No Shortcuts to Credibility Evaluation: The Importance of Expertise and Information Literacy

No Shortcuts to Credibility Evaluation: The Importance of Expertise and Information Literacy

Jill R. Kavanaugh (Center on Media and Child Health at Boston Children's Hospital, USA) and Bartlomiej A. Lenart (University of Alberta, Canada)
Copyright: © 2017 |Pages: 24
DOI: 10.4018/978-1-5225-1072-7.ch002
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This chapter argues that as the online informational landscape continues to expand, shortcuts to source credibility evaluation, in particular the revered checklist approach, falls short of its intended goal, and this method cannot replace the acquisition of a more formally acquired and comprehensive information literacy skill set. By examining the current standard of checklist criteria, the authors identify problems with this approach. Such shortcuts are not necessarily effective for online source credibility assessment, and the authors contend that in cases of high-stakes informational needs, they cannot adequately replace the expertise of information professionals, nor displace the need for proper and continuous information literacy education.
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Background: Conceptualizing Credibility

In the context of information quality, credibility is often understood in terms of the believability of some information in virtue of the perceived trustworthiness of its source (Hovland, Janis, & Kelley, 1963). Miriam J. Metzger (2007) argued that credibility is “a multifaceted concept with two primary dimensions: expertise and trustworthiness” (p. 2078).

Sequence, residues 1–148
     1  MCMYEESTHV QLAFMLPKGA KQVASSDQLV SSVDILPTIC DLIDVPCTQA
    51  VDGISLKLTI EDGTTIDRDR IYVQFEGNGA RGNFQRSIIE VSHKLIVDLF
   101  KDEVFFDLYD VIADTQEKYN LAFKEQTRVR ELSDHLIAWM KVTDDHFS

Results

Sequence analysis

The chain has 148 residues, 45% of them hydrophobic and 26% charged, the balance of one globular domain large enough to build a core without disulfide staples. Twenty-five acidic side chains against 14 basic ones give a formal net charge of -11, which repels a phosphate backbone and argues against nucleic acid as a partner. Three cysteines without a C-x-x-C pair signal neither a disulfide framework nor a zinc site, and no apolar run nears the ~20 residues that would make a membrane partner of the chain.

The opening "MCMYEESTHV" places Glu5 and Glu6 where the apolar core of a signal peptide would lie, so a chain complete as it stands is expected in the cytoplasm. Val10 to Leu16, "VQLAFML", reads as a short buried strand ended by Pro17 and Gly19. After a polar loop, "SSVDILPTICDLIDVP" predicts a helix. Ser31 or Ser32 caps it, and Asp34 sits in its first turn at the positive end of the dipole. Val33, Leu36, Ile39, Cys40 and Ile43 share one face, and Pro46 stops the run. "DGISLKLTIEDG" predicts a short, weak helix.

Source trustworthiness, however, when not conjoined with expertise (see Ericsson et al. [1993] for an account of expertise acquisition), need not be a necessary component of credibility. From an epistemological perspective:

One need not demonstrate trustworthiness to secure credibility. One can, for example, secure it externally, by providing evidence that one has reason for being truthful even though the reason functions independently of one’s goodwill. One can say to another: “I know that you don’t trust me, but you nonetheless have reason to believe what I say; if what I say is false, I will suffer the consequences. (Strudler, 2009, p. 142)

What this suggests is that, logically speaking, the relation between Metzger’s two primary dimensions of credibility places expertise at the center of the concept of credibility, with trustworthiness as an emergent property realized in the presence of expertise. Unfortunately, research has shown that credibility is not always evaluated in this manner, which is part of the bigger problem. In fact, studies have found that people are rarely conscientious enough to expend the required energy to evaluate the source credibility of the information they find online (Flanagin & Metzger, 2000; Scholz-Crane, 1998).

Such things as website design and the perceived character, rather than expertise, of the source play into the trust and persuasion of the average information seeker. Although such studies have been conducted in the context of online credibility, this is not a new phenomenon by any means. The ancient Greek philosopher Aristotle, for example, in his Rhetoric, pointed to three means of persuasion, ethos, pathos, and logos (McKeon, 1941, p. I.3, 1358a1337ff), which, in our context, can be understood as three sources of credibility evaluation. Ethos pertains to the perceived character of the speaker, pathos to the emotional state of the receiver, and logos to the logical organization of the content or the argument itself.

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